The Online Set Cover Problem
 STOC'03
, 2003
"... Let X = {1, 2,...,n} be a ground set of n elements, and let S be a family of subsets of X, S  = m, with a positive cost cS associated with each S ∈S. Consider the following online version of the set cover problem, described as a game between an algorithm and an adversary. An adversary gives eleme ..."
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Cited by 61 (6 self)
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Let X = {1, 2,...,n} be a ground set of n elements, and let S be a family of subsets of X, S  = m, with a positive cost cS associated with each S ∈S. Consider the following online version of the set cover problem, described as a game between an algorithm and an adversary. An adversary gives elements to the algorithm from X onebyone. Once a new element is given, the algorithm has to cover it by some set of S containing it. We assume that the elements of X and the members of S are known in advance to the algorithm, however, the set X ′ ⊆ X of elements given by the adversary is not known in advance to the algorithm. (In general, X ′ may be a strict subset of X.) The objective is to minimize the total cost of the sets chosen by the algorithm. Let C denote the family of sets in S that the algorithm chooses. At the end of the game the adversary also produces (offline) a family of sets COPT that covers X ′. The performance of the algorithm is the ratio
Interpreting Stale Load Information
 IEEE Transactions on parallel and distributed systems
, 1999
"... In this paper we examine the problem of balancing load in a largescale distributed system when information about server loads may be stale. It is well known that sending each request to the machine with the apparent lowest load can behave badly in such systems, yet this technique is common in pr ..."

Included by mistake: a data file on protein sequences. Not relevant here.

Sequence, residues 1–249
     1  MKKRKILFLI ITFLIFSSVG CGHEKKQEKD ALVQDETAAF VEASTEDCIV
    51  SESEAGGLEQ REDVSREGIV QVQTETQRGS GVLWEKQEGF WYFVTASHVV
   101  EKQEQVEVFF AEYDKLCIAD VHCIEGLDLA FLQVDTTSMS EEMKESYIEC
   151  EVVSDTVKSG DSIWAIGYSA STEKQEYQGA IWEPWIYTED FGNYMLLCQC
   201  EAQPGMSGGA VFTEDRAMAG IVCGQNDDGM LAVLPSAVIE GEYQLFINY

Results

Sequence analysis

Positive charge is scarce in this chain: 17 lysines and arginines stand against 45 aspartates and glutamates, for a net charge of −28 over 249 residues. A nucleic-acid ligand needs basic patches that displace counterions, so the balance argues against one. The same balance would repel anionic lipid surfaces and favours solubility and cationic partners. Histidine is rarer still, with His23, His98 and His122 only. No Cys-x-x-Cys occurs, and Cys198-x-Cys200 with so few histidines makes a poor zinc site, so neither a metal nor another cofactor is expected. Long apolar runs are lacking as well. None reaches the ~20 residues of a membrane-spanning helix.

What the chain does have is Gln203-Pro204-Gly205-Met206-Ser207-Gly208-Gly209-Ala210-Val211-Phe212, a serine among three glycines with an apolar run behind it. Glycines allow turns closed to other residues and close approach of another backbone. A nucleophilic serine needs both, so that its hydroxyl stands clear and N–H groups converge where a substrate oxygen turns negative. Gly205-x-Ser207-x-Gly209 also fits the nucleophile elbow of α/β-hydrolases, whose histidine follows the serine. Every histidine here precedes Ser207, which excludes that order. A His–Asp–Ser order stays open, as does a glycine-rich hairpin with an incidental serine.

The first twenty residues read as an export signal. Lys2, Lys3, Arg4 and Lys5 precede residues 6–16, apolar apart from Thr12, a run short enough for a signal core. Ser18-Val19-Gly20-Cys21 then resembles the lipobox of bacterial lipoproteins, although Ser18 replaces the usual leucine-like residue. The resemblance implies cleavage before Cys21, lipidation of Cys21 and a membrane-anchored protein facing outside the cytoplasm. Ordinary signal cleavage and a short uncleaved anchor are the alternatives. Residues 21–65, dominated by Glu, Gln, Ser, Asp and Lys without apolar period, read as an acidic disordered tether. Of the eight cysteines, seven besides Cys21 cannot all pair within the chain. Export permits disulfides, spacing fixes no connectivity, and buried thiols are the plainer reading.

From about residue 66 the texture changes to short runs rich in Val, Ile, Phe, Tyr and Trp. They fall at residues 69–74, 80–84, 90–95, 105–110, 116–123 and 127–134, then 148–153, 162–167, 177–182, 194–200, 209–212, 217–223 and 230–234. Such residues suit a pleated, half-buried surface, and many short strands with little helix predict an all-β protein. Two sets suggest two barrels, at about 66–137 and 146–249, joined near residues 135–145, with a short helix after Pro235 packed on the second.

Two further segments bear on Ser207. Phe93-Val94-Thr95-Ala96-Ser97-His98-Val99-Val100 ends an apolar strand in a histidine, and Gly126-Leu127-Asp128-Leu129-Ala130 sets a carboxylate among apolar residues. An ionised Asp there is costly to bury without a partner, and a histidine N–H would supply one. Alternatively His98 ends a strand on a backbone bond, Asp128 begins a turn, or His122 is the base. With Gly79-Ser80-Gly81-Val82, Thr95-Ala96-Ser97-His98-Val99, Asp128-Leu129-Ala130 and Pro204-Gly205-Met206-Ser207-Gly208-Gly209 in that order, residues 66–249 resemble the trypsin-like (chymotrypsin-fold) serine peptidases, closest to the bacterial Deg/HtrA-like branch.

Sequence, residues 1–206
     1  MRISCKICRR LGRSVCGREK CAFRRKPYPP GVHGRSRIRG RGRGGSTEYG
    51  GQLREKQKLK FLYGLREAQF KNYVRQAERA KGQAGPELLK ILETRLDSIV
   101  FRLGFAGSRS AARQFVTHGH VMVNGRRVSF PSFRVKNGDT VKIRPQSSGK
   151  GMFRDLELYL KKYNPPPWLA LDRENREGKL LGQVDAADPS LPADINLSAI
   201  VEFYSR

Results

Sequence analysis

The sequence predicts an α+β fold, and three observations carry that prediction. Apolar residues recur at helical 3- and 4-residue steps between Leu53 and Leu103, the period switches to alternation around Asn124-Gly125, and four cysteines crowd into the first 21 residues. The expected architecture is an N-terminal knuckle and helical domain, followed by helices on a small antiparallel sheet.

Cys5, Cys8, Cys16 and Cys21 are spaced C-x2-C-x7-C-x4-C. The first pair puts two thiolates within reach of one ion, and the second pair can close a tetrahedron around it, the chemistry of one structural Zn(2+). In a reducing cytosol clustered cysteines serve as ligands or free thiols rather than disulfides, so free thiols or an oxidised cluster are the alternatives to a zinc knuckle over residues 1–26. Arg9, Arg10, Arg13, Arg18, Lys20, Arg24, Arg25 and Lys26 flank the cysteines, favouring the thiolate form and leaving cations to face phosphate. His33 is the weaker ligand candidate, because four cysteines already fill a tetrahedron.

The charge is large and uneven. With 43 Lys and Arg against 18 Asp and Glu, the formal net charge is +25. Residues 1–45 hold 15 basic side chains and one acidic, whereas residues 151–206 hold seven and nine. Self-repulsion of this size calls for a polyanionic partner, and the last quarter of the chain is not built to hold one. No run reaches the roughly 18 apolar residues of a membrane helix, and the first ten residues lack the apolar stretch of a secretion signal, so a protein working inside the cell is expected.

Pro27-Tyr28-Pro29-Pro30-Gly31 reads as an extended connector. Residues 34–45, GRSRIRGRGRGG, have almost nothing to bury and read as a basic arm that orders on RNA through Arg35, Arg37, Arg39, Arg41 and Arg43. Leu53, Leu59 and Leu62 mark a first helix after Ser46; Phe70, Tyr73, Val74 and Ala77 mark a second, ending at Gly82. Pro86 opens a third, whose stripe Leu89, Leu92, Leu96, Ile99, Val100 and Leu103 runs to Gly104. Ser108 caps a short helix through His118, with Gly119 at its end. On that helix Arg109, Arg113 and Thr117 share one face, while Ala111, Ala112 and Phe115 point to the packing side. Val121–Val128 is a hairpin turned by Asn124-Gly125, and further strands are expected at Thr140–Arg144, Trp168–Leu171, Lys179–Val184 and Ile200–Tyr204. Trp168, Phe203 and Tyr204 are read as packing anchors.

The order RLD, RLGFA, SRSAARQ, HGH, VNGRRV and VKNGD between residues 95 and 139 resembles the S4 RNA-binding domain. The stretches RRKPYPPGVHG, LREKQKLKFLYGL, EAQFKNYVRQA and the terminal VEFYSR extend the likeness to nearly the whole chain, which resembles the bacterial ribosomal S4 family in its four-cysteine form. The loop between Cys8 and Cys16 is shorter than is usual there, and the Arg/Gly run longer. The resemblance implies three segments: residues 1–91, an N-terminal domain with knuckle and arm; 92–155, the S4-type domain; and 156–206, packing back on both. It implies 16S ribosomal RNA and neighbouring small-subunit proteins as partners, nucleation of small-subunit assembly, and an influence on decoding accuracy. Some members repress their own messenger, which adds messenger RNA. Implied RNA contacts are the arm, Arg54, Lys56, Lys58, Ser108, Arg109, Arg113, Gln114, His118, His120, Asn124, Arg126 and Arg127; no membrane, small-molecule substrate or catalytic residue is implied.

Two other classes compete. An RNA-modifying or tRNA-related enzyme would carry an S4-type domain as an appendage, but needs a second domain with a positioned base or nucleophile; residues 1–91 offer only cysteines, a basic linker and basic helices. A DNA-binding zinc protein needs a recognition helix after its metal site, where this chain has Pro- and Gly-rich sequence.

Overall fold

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Cited by 59 (0 self)
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In this paper we examine the problem of balancing load in a largescale distributed system when information about server loads may be stale. It is well known that sending each request to the machine with the apparent lowest load can behave badly in such systems, yet this technique is common in practice. Other systems use roundrobin or random selection algorithms that entirely ignore load information or that only use a small subset of the load information. Rather than risk extremely bad performance on one hand or ignore the chance to use load information to improve performance on the other, we develop strategies that interpret load information based on its age. Through simulation, we examine several simple algorithms that use such load interpretation strategies under a range of workloads. Our experiments suggest that by properly interpreting load information, systems can (1) match the performance of the most aggressive algorithms when load information is fresh relative to the...
Scheduling Split Intervals
, 2002
"... We consider the problem of scheduling jobs that are given as groups of nonintersecting segments on the real line. Each job Jj is associated with an interval, Ij, which consists of up to t segments, for some t _) 1, a of their segments intersect. Such jobs show up in a I.I Problem Statement and Mo ..."